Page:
substance can be obtained by combining derivatives of Eq.
5.2 . For the relations between Eq. 5.2 and its derivatives
and the thermodynamic properties considered in this paper,
see Table 6.3.

5.2. The Equation for the Helmholtz Free Energy
of the Ideal Gas

The Helmholtz free energy of the ideal gas is given by

f° ,T h° T RT Ts° ,T . 5.3

For the ideal gas, the enthalpy h° is a function of tempera-
ture only, and the entropy s° depends on temperature and
density. Both properties can be derived from an equation for
the ideal-gas heat capacity cp

(T). When cp

is inserted into
the expression for h°(T) and s°( ,T) in Eq. 5.3 , one ob-

f° ,T





dT h0





T cp


T dT R ln



where all variables with the subscript ‘‘0’’ refer to an arbi-
trary reference state.
In order to obtain the equation for f°( ,T) and ° , ,
the well-established equation of Cooper 1982 was used for
the isobaric heat capacity in the ideal-gas state, cp

(T). This
equation, which is a sum of so-called ‘‘Planck–Einstein’’
functions, is:


R b0
i 1



i /T 2

e i /T

1 e i /T

2 . 5.5



J. Phys. Chem. Ref. Data, Vol. 31, No. 2, 2002

Cooper determined the coefficients b0, bi , and the expo-
nents i by nonlinear least-squares fitting to the cp

values of
Woolley 1980 , where he took into account only the data for
temperatures between 130 and 2000 K. After rearranging the
coefficients and exponents, namely n3

b0 1, and for

i 1 to 5 ni 3

bi and i 3

i /Tc, one obtains from

Eq. 5.5


R 1 n3

i 4







1 e




with Tc/T. Equations 5.5 and 5.6 represent the cp

values of Woolley 1980 very accurately. The values of the
coefficients of Eq. 5.6 are given in Table 6.1. In the tem-
perature range from 250 to 2000 K, the deviations in cp

between the values of Woolley 1980 and the values from
Eqs. 5.5 and 5.6 are less than 0.0005%, and from 140 to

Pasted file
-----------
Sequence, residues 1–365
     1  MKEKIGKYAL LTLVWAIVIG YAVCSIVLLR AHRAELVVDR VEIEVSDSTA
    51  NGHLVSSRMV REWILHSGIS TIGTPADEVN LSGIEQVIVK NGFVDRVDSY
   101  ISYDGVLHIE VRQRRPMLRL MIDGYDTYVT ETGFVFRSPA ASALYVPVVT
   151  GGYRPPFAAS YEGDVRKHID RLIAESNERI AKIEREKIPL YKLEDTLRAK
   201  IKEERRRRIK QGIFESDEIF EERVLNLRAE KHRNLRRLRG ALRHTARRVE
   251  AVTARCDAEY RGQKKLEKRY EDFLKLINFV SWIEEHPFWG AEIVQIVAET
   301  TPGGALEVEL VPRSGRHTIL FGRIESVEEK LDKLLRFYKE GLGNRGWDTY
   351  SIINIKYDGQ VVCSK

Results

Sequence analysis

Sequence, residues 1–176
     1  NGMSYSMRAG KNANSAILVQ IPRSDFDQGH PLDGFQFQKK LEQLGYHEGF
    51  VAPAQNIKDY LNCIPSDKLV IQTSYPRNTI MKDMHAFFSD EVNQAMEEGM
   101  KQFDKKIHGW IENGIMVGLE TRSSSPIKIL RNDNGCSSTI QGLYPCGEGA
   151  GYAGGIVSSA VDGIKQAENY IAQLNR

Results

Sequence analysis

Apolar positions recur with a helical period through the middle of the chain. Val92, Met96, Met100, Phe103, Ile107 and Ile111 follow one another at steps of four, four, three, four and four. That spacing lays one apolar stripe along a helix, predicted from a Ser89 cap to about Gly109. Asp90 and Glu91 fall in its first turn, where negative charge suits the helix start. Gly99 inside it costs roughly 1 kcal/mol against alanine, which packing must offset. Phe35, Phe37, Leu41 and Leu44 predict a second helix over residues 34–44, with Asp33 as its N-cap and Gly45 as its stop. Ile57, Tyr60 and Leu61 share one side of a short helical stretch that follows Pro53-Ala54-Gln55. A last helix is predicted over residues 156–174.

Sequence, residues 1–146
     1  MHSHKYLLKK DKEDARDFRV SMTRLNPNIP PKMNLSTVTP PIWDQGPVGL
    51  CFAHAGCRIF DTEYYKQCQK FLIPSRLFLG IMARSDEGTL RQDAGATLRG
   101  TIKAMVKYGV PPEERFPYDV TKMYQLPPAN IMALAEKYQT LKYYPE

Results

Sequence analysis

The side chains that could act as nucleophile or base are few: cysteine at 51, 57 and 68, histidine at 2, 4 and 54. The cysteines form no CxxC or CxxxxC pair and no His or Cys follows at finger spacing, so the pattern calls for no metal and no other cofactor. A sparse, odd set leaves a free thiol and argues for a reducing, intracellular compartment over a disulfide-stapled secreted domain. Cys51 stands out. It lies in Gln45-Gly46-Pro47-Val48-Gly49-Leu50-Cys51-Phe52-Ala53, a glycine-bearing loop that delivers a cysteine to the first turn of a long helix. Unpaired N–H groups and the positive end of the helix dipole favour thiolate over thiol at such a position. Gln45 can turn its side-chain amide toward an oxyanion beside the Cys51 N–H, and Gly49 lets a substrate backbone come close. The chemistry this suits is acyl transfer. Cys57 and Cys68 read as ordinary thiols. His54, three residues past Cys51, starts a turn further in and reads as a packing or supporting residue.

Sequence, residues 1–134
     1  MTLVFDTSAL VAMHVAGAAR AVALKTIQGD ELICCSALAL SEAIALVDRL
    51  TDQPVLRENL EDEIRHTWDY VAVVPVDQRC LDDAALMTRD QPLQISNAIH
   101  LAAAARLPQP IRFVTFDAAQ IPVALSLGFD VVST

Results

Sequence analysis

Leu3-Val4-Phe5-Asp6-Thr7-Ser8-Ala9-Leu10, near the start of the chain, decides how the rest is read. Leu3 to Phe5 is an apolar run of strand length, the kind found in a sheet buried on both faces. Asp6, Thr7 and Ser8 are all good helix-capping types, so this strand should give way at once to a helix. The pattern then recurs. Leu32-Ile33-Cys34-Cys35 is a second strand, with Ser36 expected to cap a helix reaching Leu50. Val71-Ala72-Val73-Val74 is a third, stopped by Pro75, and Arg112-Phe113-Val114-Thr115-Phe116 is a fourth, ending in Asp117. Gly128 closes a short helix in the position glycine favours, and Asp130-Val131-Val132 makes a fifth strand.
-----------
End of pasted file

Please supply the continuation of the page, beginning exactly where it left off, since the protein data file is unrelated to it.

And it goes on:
240 K they do not exceed 0.001%.
After inserting cp

(T) according to Eq. 5.6 in Eq. 5.4 ,
working out the integrations and proceeding to the dimen-
sionless form of the Helmholtz free energy in the ideal-gas
state ° see Eq. 5.2 , one obtains the final ° equation,
given as Eq. 6.5 .

5.3. Basic Statements for Fitting and Optimizing
the Structure of an Equation for the
Residual Part of the Helmholtz Free Energy

While statistical thermodynamics can predict the behavior
of fluids in the ideal-gas state with high accuracy, no physi-
cally founded equation is known which accurately describes
the real thermodynamic behavior of fluids in the whole fluid
region. Thus, for this purpose an equation for the residual
fluid behavior, in this case for the residual part of the Helm-
holtz free energy r

, must be determined in an empirical
way where, as a matter of course, as much physical under-
standing as possible is taken into account. Since the Helm-
holtz free energy itself is not accessible to direct measure-
ments, it is necessary to determine the unknown
mathematical structure and the unknown coefficients of the
residual part of the dimensionless Helmholtz free energy
from properties for which experimental data are available.
In this context, the following steps for the development of
the final form of an equation for r

must be performed:

1 selection of the final data set, see Secs. 2–4;
2 weighting of the data;
3 precorrelation of auxiliary quantities;
4 linear least squares fitting in connection with the struc-
ture optimization method; and
5 nonlinear least squares fitting.

In this section, basic statements on items 2 – 5 are made.